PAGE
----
The Wheelock Succession
By Erin Landau, The Dartmouth Staff
Published on Friday, September 14, 2012
Here at Dartmouth, we call our presidency “the Wheelock Succession,” which makes it sounds like some sort of kingly, mystery-shrouded line passed down from generation to generation. While it is certainly true that much of the process of electing presidents for the College did and does remain quite secretive, with each presidential transition has come new changes that have had significant impacts on Dartmouth as a whole. And since we’re now in the middle of a presidential search, let’s take a look at the most recent members of the Wheelock Succession before its 18th president is selected.
Ernest Hopkins — the dark horse president
In his oral history, Ernest Hopkins explains how he pretty much came out of nowhere to win the presidency. He was by no means the academic type — he was a businessman who lacked experience in the field. Mitt Romney, anyone?
Hopkins will always be remembered for creating Dick’s House, a place where students can (theoretically) go to get treated by health professionals. Little did he know that scheduling an appointment there would be a constant nightmare.
As he was not really a churchgoer himself, Hopkins decided to do away with compulsory chapel at the College. As those of us who went to Catholic school can attest, listening to sermons every week and taking Bible class really doesn’t fit with a liberal arts education.
During Hopkins’ tenure, the well-known Baker Library was established. For this, all the students of Dartmouth should thank this former president — not only for a beautiful place to study and get work done, but also for a convenient place to drink a caffeinated beverage and munch on a delicious KAF scone.
John Sloan Dickey — the international president
Selected by the trustees for his international perspective, John Sloan Dickey was committed to making Dartmouth the best liberal arts college in the country, regardless of its cost. His strengths lay in academic achievements and international relations, and he introduced a required “Great Issues” course that focused on the problems that all students would face as citizens. Thanks to his introduction of foreign study programs, students were granted the opportunity to travel to different countries as part of their studies.
Unfortunately, Dickey dealt with some difficult issues during his time as president, including an occupation of Parkhurst Hall by some students who were “peaceably” arrested by Hanover Police after camping out to protest.
As the women of Dartmouth can appreciate, Dickey also sought to change the notion of the “Dartmouth man.” He vowed to improve the social and academic image of Dartmouth by working with students to do away with “false notions of virtues” and excesses without changing Dartmouth’s classic heritage. The jury’s still out on whether or not he succeeded.
John Kemeny — the trailblazing president
While president, John Kemeny managed to garner widespread acclaim for his focus on the College’s graduate studies program. This caused a pretty big ruckus among alumni who were hell bent on maintaining Dartmouth’s “old boy” image.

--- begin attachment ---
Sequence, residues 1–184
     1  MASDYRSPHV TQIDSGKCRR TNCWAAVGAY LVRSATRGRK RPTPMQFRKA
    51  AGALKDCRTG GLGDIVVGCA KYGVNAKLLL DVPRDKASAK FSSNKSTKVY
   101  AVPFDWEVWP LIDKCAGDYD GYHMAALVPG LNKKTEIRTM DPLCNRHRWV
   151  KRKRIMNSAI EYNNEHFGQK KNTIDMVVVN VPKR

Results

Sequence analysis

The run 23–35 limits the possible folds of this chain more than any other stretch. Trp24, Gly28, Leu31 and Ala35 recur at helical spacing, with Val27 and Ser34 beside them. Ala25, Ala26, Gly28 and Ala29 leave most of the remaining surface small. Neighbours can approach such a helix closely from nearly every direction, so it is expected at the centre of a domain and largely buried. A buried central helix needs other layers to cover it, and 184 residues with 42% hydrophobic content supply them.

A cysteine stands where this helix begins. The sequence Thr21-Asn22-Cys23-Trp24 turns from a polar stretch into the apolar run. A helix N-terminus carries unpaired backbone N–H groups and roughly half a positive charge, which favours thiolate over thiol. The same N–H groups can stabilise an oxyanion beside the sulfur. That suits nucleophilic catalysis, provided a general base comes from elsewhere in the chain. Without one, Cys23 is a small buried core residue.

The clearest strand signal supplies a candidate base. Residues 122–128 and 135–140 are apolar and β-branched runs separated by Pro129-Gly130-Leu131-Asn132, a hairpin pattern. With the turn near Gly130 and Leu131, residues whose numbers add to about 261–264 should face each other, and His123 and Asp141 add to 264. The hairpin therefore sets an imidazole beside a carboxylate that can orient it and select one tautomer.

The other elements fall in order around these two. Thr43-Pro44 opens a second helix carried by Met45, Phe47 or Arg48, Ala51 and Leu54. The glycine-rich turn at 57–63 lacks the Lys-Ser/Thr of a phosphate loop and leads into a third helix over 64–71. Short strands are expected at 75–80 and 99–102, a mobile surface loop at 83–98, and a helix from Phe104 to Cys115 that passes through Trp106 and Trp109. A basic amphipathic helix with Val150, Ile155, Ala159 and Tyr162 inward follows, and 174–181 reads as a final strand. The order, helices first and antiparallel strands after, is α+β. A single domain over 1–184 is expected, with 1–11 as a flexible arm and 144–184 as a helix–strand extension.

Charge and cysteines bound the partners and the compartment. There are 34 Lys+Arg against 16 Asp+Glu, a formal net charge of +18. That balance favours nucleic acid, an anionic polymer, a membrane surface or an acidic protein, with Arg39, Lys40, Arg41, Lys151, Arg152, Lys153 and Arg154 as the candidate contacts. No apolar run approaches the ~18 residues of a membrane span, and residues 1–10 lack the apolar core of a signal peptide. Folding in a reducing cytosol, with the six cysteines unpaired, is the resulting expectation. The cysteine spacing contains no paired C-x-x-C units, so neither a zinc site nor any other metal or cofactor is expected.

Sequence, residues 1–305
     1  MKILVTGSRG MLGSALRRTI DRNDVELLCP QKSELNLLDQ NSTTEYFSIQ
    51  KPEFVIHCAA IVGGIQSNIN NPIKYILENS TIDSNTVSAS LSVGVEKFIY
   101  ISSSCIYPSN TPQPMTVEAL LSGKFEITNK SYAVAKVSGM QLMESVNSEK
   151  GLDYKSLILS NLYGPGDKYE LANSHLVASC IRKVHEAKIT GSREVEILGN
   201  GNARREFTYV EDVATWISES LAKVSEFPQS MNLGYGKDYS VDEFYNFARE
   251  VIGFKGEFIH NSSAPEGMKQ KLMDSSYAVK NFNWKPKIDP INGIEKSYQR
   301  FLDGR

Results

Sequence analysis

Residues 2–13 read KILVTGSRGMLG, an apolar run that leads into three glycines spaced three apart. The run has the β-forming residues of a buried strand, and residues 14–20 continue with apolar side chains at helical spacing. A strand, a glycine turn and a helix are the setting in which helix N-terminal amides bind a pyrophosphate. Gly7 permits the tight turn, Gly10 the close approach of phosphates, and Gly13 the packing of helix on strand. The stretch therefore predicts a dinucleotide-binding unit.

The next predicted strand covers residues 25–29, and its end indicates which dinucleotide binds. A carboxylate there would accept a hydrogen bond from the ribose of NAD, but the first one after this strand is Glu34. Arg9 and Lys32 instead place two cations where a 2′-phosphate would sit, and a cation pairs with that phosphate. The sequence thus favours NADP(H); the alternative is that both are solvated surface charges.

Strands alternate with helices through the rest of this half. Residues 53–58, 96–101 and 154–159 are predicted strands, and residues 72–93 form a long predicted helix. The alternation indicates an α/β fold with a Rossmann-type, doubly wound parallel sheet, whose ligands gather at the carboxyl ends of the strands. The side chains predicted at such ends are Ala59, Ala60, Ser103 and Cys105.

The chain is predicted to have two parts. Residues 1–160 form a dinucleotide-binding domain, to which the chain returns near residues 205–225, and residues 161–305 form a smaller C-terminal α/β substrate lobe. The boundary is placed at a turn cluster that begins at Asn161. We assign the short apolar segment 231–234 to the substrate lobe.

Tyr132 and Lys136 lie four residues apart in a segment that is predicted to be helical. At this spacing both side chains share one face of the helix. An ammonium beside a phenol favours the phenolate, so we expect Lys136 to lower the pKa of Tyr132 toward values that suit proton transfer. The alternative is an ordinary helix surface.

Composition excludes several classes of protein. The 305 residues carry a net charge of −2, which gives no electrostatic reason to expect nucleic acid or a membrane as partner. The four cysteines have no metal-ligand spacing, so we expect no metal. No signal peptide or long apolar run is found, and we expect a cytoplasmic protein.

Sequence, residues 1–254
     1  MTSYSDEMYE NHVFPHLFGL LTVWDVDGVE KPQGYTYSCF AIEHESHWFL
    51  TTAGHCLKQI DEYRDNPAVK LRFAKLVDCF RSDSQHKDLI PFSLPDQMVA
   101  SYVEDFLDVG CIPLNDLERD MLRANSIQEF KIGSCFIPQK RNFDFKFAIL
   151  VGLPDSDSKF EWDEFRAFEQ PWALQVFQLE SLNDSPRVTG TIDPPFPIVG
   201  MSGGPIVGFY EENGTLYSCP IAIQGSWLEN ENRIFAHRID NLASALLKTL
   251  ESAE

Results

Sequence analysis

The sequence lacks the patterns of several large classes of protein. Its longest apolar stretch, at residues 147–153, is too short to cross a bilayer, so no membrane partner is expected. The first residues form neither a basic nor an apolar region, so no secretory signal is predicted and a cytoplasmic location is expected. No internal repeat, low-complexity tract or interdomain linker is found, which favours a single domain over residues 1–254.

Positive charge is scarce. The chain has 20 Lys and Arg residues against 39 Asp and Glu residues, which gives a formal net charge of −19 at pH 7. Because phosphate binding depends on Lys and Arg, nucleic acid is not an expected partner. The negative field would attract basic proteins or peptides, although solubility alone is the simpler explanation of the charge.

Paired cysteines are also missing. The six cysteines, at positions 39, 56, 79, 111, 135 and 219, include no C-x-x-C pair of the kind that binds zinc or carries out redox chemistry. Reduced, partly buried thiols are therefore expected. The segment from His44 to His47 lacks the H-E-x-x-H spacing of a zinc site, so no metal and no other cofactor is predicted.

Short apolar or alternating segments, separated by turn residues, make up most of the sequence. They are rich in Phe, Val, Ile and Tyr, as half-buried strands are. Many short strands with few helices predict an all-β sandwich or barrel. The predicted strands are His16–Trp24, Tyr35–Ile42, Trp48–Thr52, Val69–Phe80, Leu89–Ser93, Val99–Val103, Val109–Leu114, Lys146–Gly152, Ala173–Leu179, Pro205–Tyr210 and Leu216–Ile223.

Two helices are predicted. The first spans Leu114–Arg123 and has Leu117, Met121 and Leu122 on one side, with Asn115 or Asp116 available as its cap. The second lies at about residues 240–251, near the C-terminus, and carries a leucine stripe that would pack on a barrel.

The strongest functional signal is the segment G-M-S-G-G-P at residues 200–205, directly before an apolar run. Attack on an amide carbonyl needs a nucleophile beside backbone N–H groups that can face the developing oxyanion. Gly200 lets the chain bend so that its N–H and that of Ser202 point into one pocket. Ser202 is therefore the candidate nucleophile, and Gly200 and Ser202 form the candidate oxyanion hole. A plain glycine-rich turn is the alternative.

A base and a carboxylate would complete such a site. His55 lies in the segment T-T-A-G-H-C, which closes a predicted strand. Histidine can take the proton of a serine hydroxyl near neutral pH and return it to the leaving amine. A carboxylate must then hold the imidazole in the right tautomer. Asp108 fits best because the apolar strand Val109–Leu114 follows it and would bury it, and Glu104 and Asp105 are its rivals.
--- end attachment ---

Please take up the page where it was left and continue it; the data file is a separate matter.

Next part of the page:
Kudos to Kemeny for being not only the first non-Dartmouth graduate to serve as president, but also the first man of Jewish origin to take the office. His emphasis on graduate studies enraged the alumni, who wanted the College to remain an undergraduate institution, nearly much as his Jewish-Hungarian heritage. In the end, students were so frustrated that some founded The Dartmouth Review, which Kemeny tore apart in his oral history, calling it an “ultra-conservative rag” aimed to poison the minds of students.
Despite alumni complaints, Kemeny proved to be a fantastic president who opened Dartmouth to women at a time when the College was still filled with men who resisted the idea of women infiltrating their precious institution. In his oral history, Kemeny said, “This is a WASP-ish institution historically.” He tried — and partially succeeded — to change that conception by including women, once again increasing international studies and never giving in to the demands of alumni.
James Wright — the grandfather president
Described by many as a grandfather figure, James Wright followed the traditional path of the Dartmouth administrator, serving as dean of faculty, provost and finally as acting president before joining the Wheelock Succession. Embedding himself deeply within the school’s traditions for many years, Wright brought the school back to its academic roots. Famous for focusing on undergraduate academics, Wright greatly expanded the faculty and Dartmouth’s financial aid program.
There are certain traditions, however, of which Wright was not so fond. This president is notorious for trying — and failing — to rid the College of our beloved Greek system. With his Student Life Initiative, Wright alienated himself from alumni and students who aimed to preserve the traditions of our College on the Hill.
On the other hand, Wright successfully raised $1.3 billion from alumni, more than any of the other presidents combined. Plus he worked at Dartmouth for over 40 years, allowing students to really get to know him before he left.
So while he might have tried to sabotage one of the institutions many of us hold so dear, he definitely made a positive and lasting impact on the College.
Jim Yong Kim — the whirlwind president
It might be a little premature to begin discussing Kim’s tenure, as he has just stepped down and left us for greener pastures (we should have known that Dartmouth primes people too well to go into banking). Then again, he was only here for three years. Throughout his whirlwind presidency, Kim dealt with hazing scandals and built the Center for Health Care Delivery Science (does anyone know what this is?). Plus, he performed in Dartmouth Idol. All in all, I thought he wore that green tie pretty well.